A computer vision-based navigation feasibility study consisting of two navigation algorithms is presented to determine whether computer vision can be used to safely navigate a small semi-autonomous inspection satellite in proximity to the International Space Station. Using stereoscopic image-sensors and computer vision, the relative attitude determination and the relative distance determination algorithms estimate the inspection satellite's relative position in relation to its host spacecraft. An algorithm needed to calibrate the stereo camera system is presented, and this calibration method is discussed. These relative navigation algorithms are tested in NASA Johnson Space Center's simulation software, Engineering Dynamic On-board Ubiquitous Graphics (DOUG) Graphics for Exploration (EDGE), using a rendered model of the International Space Station to serve as the host spacecraft. Both vision-based algorithms proved to attain successful results, and the recommended future work is discussed.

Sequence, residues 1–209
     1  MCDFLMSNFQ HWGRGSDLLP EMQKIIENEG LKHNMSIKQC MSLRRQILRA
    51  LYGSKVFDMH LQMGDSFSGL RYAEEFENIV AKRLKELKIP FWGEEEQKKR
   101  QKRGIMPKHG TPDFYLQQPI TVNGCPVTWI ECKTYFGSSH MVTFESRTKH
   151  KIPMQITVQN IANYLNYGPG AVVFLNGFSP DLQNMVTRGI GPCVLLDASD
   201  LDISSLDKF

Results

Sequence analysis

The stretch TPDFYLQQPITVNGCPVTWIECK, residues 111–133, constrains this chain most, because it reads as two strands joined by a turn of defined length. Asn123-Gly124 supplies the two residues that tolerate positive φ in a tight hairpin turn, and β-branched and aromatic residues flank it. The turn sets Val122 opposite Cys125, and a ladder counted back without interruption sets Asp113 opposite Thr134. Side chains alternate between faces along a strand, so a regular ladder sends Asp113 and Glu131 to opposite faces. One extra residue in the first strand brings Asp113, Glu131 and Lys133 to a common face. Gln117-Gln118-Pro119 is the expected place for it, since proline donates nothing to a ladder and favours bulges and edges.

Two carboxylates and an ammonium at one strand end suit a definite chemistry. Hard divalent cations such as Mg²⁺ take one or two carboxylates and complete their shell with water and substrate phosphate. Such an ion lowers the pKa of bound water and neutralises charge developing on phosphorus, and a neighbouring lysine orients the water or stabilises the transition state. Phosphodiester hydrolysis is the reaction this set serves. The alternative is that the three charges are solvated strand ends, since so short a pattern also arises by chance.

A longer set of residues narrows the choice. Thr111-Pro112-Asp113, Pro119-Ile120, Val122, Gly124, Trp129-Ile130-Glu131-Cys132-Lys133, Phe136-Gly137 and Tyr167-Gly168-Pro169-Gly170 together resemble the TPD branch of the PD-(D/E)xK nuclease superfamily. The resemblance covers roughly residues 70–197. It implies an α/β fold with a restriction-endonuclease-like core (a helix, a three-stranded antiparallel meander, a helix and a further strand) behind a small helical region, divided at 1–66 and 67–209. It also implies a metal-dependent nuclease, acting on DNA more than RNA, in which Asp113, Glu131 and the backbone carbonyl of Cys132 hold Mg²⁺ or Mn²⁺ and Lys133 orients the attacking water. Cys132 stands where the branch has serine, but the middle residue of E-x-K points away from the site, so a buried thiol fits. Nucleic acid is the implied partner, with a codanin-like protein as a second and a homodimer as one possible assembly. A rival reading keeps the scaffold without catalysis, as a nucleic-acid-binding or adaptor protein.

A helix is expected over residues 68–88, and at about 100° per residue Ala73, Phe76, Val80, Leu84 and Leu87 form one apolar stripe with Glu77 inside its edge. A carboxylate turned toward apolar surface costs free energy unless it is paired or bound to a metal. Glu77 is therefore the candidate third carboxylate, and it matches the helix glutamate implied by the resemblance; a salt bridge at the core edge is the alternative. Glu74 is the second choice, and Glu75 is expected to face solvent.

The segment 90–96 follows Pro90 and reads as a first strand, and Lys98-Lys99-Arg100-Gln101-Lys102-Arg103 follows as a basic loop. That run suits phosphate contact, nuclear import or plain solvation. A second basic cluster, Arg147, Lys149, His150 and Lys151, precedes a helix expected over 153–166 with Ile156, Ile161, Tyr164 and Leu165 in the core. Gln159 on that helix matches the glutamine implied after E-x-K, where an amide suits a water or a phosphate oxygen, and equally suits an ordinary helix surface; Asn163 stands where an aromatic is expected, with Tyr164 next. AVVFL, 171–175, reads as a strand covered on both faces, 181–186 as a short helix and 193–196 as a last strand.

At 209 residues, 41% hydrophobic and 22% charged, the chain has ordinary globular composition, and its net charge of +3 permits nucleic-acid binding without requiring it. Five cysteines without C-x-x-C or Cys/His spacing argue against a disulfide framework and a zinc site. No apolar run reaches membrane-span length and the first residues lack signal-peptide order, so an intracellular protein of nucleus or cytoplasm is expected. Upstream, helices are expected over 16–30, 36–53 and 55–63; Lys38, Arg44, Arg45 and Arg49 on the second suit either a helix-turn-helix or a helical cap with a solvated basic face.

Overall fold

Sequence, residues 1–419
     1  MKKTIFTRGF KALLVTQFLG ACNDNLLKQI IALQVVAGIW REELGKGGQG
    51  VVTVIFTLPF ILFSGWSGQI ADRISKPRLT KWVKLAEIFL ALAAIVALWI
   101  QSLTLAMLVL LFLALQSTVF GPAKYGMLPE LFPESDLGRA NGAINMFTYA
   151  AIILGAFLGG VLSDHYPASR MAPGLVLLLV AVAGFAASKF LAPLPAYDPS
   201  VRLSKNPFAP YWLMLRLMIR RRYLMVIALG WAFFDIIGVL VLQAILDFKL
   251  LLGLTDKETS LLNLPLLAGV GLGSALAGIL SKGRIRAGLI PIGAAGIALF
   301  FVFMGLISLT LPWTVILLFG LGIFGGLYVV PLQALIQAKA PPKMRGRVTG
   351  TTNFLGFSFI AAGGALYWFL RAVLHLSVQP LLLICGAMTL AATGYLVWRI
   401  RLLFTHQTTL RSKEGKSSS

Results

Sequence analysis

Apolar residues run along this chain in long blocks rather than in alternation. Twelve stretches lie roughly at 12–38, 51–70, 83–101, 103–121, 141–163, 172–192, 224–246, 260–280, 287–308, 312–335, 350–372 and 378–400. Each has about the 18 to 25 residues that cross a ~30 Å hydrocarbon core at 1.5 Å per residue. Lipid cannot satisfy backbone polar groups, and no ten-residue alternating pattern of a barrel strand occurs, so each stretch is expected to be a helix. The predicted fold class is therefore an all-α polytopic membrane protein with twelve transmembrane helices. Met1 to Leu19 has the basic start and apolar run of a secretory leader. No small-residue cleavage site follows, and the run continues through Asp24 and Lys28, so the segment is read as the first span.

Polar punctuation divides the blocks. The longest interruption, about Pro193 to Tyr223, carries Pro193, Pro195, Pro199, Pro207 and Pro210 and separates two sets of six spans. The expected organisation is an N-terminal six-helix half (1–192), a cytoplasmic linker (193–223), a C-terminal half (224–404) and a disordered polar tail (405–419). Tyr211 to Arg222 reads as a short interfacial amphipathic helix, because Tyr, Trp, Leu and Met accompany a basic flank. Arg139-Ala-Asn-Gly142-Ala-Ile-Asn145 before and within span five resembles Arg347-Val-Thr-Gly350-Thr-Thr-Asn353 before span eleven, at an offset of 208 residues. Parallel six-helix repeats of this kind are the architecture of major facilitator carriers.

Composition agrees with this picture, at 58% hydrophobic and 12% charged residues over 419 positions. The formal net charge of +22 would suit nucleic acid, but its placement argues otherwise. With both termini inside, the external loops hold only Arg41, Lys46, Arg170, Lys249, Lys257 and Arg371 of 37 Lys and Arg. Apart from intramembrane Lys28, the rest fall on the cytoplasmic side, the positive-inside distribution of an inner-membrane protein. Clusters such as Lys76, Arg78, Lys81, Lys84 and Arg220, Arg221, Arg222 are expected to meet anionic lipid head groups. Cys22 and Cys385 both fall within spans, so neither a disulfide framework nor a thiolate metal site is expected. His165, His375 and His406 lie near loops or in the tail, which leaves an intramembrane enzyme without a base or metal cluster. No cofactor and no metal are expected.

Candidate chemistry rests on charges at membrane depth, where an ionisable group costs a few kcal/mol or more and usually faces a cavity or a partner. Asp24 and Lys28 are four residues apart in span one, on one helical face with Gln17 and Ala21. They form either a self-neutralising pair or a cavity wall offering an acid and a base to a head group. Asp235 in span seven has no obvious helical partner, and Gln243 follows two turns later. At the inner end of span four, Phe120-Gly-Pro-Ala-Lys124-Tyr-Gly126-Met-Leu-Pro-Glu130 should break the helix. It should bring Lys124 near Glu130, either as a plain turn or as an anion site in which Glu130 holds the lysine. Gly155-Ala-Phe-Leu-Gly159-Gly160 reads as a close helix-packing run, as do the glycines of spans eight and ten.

|Commitee:||Eke, Fidelis, Joshi, Sanjay|
|School:||University of California, Davis|
|Department:||Mechanical and Aerospace Engineering|
|School Location:||United States -- California|
|Source:||MAI 55/02M(E), Masters Abstracts International|
|Subjects:||Aerospace engineering, Mechanical engineering, Computer science|
|Keywords:||Computer vision, Inspection, Relative navigation, Satellite, Semi-autonomous|
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